First recorded case of Spanish flu was reported at Funston Army Camp, Kanas. This started a worldwide pandemic killing 50-100 million. (1918)

Happy Birthday To You was published by Claydon Sunny. (1924)

American missionary Gustav Schmidt opened the Danzig Instytut Biblijny in Danzig, Poland. It was the first Pentecostal Bible institute established in Eastern Europe. (1930)

Franklin D. Roosevelt was inaugrated as the 32nd US president. He pledged to pull the US out of Depression and said, “We have nothing to fear but fear itself.” (1933)

Airship Hindenburg first flew at Friedrichshafen, Germany (1936)

Gospel Singer and Composer Gloria Gaither was born. (1942)

WW2: Princess Elizabeth, later Queen Elizabeth II, joined the British Auxiliary Transport Service as a driver. (1945)

Lucille Ball filed for divorce from Desi Arnaz. (1960)

Gaspar Makil, a Filipino missionary to Vietnam, his young daughter Janie Makil, and Elwood Jacobson, a missionary from the United States, were killed by the Vietcong. (1963)

Beatles John Lennon was quoted, “Christianity will… vanish and shrink… We’re more popular than Jesus Christ right now,” becoming one of many to announce the premature “death” of Christianity. (1966)

Over 1,100 Christian organizations were combined to form the Evangelical Council for Financial Accountability ECFA. (1979)

U.S. Public Health Service’s published its guidelines for blood donors and AIDS. (1983)

Virtual ban on leaded gas was ordered by EPA. (1985)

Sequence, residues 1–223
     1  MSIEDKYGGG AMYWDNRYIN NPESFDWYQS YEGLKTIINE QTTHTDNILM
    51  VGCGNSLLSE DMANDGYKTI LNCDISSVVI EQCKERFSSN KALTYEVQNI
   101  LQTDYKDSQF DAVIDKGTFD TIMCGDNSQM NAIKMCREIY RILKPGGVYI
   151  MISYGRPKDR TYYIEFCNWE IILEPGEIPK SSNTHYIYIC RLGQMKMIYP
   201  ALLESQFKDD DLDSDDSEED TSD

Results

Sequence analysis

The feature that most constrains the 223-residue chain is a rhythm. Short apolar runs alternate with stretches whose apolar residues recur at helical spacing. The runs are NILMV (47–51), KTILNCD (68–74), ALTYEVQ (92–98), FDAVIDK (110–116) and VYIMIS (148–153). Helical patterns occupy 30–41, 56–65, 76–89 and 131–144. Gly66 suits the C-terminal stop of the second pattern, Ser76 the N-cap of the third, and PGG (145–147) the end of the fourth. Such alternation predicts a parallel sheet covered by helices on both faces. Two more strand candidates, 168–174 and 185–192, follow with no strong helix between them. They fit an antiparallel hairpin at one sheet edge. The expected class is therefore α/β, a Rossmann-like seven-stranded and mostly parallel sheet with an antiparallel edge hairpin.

International Criminal Court issued an arrest warrant for Sudanese President Omar Hassan al-Bashir for war crimes and crimes against humanity in Darfur. He was the first sitting head of state to be indicted. (2009)

Pastor Shi Enhao was beaten for preaching in Nanyang, Henan Province, China. Later he was sent to a labor camp for re-education. (2011)

A mob of thousands of Muslims burned down the Coptic church of Saint Mina and Saint George in Soul, Egypt. (2011)

About Tamera Lynn Kraft

Tamera Lynn Kraft has always loved adventures and writes Christian historical fiction set in America because there are so many adventures in American history. She is married to the love of her life, has two grown children, and lives in Akron, Ohio. Soldier’s Heart and A Christmas Promise are two of her historical novellas that have been published. She has received 2nd place in the NOCW contest, 3rd place TARA writer’s contest, and is a finalist in the Frasier Writing Contest.
This entry was posted in 03 March, AD 0051, AD 0303, AD 1628, AD 1681, AD 1774, AD 1776, AD 1789, AD 1791, AD 1792, AD 1793, AD 1797, AD 1801, AD 1805, AD 1809, AD 1826, AD 1837, AD 1841, AD 1849, AD 1850, AD 1861, AD 1863, AD 1866, AD 1868, AD 1881, AD 1894, AD 1902, AD 1906, AD 1918, AD 1924, AD 1930, AD 1933, AD 1936, AD 1942, AD 1945, AD 1960, AD 1963, AD 1966, AD 1979, AD 1983, AD 1985, AD 2009, AD 2011, Date, Year. Bookmark the permalink.